Wall Street on Wednesday celebrated Congress' vote to prevent sharp tax increases from hitting the economy and causing a recession this year, with the Dow Jones industrial average surging by 308 points. But economic gurus warned that the deal falls short of solving the nation's huge debt problems.
The House late Tuesday night gave final approval to a bipartisan compromise that raises taxes by $650 billion over the next 10 years primarily by allowing tax rates on the wealthy to revert to 1990s levels. Economists said the measure likely will slow economic growth this year but not plunge the economy into a recession, avoiding the dire outcome of originally scheduled tax increases.
"We have managed to avert some of the 'fiscal cliff.' It's time to celebrate," said Leon LaBrecque, chief strategist at LJPR, an investment management company, expressing the relief of many on Wall Street who had been dreading the arrival of the Jan. 1 deadline for months.
"The deal is done" after a half-year of uncertainty that plagued the markets and hung over the economy in 2012, said Gary Thayer, chief macro-strategist at Wells Fargo Advisors. "This compromise will not solve the longer-term debt and deficit problems facing the United States" because it does not include major spending cuts or entitlement reforms, he said. "But it will prevent major tax increases on most Americans, and will, therefore, likely keep the economy from falling into recession."
By putting off for two months across-the-board cuts in discretionary spending that had been scheduled to go into effect Tuesday, the deal forged by Vice President Joseph R. Biden and Senate Minority Leader Mitch McConnell, Kentucky Republican, sets up a new deadline of March 1 for negotiating spending cuts and entitlement reforms needed to control the deficit over the long term. The nation's $16 trillion debt limit also will have to be raised in that time, providing further pressure for a deal and another vehicle for enacting budget reforms.
"The impact of all of this should be to slow the U.S. economy in the first half of 2013, but not put it into recession," said David Kelly, chief global strategist at J.P. Morgan Funds.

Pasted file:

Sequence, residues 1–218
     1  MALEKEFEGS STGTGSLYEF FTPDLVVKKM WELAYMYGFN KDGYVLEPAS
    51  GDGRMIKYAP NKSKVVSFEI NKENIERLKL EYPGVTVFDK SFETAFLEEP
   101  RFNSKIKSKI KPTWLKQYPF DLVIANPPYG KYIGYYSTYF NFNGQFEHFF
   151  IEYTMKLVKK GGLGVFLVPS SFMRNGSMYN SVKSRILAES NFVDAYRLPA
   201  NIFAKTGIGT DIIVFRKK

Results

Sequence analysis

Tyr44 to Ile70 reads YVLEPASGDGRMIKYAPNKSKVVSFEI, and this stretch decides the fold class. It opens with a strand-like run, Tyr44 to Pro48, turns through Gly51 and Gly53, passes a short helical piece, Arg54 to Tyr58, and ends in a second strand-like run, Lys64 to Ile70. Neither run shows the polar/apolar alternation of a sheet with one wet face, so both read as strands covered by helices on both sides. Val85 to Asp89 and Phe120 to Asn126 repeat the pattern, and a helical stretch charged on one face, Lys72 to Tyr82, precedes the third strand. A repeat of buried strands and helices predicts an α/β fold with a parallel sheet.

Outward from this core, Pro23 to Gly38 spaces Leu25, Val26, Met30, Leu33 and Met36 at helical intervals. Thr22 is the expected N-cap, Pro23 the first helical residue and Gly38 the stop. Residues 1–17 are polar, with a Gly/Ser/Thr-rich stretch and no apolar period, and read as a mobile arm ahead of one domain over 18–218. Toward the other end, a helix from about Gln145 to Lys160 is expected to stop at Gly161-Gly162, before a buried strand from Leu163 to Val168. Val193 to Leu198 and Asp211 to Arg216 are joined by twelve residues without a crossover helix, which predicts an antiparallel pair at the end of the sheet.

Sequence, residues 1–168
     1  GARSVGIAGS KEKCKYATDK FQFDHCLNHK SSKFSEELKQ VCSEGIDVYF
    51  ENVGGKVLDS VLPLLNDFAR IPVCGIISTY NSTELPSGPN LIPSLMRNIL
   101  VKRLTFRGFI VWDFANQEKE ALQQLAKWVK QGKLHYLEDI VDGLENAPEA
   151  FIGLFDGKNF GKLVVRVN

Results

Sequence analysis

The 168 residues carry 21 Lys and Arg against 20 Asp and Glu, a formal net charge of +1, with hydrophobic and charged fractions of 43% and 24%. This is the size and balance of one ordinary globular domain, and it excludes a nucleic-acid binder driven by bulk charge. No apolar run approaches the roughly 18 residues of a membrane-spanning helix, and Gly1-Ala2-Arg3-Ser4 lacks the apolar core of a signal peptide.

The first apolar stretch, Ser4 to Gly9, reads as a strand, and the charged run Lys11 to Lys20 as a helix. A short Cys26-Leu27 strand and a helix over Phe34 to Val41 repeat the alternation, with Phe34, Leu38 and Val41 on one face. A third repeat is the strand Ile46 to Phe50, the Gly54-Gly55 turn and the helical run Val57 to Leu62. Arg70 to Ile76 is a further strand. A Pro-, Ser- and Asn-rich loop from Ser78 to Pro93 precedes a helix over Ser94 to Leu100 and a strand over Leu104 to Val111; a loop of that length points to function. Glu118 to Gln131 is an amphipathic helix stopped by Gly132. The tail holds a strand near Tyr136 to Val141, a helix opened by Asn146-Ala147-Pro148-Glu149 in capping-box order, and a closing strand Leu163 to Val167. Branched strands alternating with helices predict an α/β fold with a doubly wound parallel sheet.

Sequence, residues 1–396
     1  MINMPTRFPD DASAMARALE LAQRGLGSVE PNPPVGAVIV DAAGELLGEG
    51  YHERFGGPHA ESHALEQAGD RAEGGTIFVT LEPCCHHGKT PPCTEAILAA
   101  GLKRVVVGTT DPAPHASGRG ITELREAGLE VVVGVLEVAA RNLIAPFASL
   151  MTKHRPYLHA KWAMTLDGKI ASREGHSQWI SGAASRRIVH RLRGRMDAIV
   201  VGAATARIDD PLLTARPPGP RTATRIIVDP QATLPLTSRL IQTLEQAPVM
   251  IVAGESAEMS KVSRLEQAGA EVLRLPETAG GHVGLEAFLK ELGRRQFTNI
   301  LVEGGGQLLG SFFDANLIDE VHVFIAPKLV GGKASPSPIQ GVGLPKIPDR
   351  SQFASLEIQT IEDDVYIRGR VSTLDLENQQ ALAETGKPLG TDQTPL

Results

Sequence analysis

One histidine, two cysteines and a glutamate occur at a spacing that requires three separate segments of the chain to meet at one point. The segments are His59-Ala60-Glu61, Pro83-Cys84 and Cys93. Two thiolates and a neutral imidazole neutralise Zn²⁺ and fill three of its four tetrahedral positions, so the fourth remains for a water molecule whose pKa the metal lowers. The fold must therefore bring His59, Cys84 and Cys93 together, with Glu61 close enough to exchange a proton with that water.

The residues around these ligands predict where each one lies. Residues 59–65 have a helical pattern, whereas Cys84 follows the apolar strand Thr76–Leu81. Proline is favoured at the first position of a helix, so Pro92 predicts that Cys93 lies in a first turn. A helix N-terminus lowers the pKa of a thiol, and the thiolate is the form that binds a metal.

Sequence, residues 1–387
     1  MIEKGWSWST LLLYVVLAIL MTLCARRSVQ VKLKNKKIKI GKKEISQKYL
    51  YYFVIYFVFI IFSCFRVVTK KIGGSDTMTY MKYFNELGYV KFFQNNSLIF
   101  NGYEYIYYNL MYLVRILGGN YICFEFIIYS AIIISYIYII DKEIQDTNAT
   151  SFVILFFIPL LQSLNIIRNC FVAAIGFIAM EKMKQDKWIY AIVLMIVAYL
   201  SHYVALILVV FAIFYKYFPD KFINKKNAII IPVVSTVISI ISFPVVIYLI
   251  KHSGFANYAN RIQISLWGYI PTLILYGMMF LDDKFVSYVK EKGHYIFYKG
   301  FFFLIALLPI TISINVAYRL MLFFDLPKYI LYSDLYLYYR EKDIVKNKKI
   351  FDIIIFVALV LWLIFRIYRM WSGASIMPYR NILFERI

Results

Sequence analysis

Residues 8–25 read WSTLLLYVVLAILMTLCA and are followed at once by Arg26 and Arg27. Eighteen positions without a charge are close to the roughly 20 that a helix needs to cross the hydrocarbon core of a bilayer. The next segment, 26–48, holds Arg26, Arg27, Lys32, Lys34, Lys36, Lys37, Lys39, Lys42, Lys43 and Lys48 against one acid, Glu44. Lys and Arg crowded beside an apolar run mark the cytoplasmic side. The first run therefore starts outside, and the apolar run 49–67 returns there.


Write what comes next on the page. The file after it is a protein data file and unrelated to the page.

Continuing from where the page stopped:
While a fight still looms over spending reforms and carries uncertainties for businesses and the economy, Mr. Kelly said the biggest impact on the economy this year most likely will come from the Jan. 1 expiration of President Obama's 2 percentage point payroll-tax cut, raising taxes by an estimated $100 billion on taxpayers at all income levels.
"That is where the impact is likely to be greatest — consumer spending on basic goods and services like groceries, clothing, restaurant meals and gasoline should all take a hit over the next few months due to lower take-home pay," he said.
But for the time being, investors were relieved that Congress acted to avoid the very worst. In the most powerful rally on Wall Street in more than a year, the Dow ended up 308 points at 13,413, a gain of more than 2 percent that brought it within reach of a five-year high. The Standard & Poor's 500 index and other major stock indexes also rose more than 2 percent, as did major indexes in Europe and Asia overnight.
Mark Zandi, chief economist at Moody's, said the deal prevents major damage at a time when economic growth was otherwise poised to accelerate from last year's 2 percent rate. He estimates that the tax increases taking effect this week will keep growth at about 2 percent this year and lead to the creation of 600,000 fewer jobs.